Citing concerns raised by an engine failure that sent debris through the window of a Southwest Airlines Boeing 737 and killed a passenger, the U.S. Department of Transportation’s Office of Inspector General (OIG) says it will review the Federal Aviation Administration’s (FAA’s) safety oversight of the airline.
The OIG said earlier this week that the review, scheduled to begin later in June, will focus on the FAA’s “oversight of Southwest Airlines’ systems for managing risk.”
The OIG said the review is being prompted by several recent events, including the April 17 failure of the left CFM International CFM56-7B engine on Flight 1380, en route from New York to Dallas, Texas. One passenger was killed and eight received minor injuries after debris from the engine broke through a passenger window, causing a rapid depressurization. The flight crew conducted an emergency descent and landed the 737 in Philadelphia.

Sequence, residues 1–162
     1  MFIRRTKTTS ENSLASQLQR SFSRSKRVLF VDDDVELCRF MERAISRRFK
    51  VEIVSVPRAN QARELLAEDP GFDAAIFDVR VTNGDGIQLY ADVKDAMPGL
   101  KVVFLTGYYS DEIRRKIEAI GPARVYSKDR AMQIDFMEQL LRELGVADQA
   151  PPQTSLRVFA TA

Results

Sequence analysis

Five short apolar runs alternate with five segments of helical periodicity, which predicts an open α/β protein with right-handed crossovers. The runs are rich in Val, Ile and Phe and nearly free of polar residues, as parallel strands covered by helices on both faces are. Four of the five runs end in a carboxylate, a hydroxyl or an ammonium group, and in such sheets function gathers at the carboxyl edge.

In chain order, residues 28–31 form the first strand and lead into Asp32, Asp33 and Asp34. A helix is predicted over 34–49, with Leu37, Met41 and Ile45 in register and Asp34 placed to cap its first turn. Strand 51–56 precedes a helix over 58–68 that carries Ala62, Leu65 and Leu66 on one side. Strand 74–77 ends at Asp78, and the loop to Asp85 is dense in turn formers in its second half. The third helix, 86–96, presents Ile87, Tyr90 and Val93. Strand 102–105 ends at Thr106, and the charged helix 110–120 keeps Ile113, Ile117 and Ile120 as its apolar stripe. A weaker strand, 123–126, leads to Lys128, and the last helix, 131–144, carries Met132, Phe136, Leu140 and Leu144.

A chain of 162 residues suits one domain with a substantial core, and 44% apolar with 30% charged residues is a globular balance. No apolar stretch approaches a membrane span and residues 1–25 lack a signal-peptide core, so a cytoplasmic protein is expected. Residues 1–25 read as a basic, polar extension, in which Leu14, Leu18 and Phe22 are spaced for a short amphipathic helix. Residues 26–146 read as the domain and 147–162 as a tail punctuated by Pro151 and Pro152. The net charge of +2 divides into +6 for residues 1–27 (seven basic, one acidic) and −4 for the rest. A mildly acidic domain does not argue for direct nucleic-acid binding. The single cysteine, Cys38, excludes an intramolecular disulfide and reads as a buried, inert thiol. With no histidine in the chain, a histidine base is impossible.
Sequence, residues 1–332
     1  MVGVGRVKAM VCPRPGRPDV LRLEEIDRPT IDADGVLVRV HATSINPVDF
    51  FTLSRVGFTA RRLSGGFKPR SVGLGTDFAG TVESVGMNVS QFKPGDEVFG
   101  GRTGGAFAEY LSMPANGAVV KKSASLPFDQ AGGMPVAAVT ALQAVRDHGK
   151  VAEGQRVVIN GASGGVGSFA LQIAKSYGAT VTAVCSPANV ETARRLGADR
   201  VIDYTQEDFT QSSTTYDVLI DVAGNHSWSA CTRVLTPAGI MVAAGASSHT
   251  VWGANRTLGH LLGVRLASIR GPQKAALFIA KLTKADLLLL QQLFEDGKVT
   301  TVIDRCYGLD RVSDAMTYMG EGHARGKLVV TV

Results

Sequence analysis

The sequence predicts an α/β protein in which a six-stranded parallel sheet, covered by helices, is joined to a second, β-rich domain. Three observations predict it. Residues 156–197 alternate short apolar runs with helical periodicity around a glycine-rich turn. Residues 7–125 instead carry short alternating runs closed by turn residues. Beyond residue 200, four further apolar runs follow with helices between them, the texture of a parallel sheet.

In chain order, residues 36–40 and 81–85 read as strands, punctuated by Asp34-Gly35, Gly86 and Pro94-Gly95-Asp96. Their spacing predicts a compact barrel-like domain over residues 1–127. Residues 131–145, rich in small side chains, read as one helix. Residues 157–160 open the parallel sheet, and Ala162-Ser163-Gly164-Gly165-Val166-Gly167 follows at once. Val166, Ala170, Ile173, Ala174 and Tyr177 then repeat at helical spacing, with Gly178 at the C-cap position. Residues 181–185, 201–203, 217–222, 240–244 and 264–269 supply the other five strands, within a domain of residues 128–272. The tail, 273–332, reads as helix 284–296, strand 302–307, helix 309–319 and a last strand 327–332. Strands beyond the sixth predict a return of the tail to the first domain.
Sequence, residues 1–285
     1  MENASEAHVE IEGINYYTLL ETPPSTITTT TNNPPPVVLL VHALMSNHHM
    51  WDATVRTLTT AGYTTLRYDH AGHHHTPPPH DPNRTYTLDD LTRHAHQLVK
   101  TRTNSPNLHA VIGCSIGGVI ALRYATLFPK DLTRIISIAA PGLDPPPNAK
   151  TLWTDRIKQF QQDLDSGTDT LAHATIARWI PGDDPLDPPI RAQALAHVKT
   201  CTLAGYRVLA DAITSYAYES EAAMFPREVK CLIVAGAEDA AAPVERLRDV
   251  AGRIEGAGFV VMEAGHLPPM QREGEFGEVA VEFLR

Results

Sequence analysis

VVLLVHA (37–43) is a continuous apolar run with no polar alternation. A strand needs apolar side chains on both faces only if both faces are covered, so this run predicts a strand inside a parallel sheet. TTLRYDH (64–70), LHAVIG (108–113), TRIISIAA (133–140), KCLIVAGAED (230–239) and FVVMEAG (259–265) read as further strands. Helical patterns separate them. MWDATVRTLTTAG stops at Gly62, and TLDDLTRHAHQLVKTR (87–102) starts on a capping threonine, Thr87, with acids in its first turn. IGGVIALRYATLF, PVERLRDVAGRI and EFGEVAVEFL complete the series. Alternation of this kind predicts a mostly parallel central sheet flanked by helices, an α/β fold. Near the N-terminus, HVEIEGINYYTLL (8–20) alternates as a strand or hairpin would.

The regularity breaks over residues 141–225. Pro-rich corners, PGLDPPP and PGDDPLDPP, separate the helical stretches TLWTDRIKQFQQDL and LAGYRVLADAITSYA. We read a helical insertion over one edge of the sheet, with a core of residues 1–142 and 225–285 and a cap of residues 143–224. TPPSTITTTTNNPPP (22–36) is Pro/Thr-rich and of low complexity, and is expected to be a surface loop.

The OIG’s announcement of its audit said that preliminary accident reports indicated that a similar engine incident occurred on a Southwest flight in 2016, “but it is unclear what actions the carrier took to manage the risk to prevent a future failure.”
The announcement also cited a recent hotline complaint about deficiencies in pilot training at Southwest; the complaint raises “concerns about FAA’s oversight of the carrier,” the OIG said. “Specifically, we are concerned whether FAA’s oversight includes an assessment of the carrier’s ability to identify hazards and analyze and mitigate risks.”
The FAA requires air carriers operating under Federal Aviation Regulations Part 121 to implement safety management systems — formal systems for managing safety risks by identifying safety hazards and mitigating risks.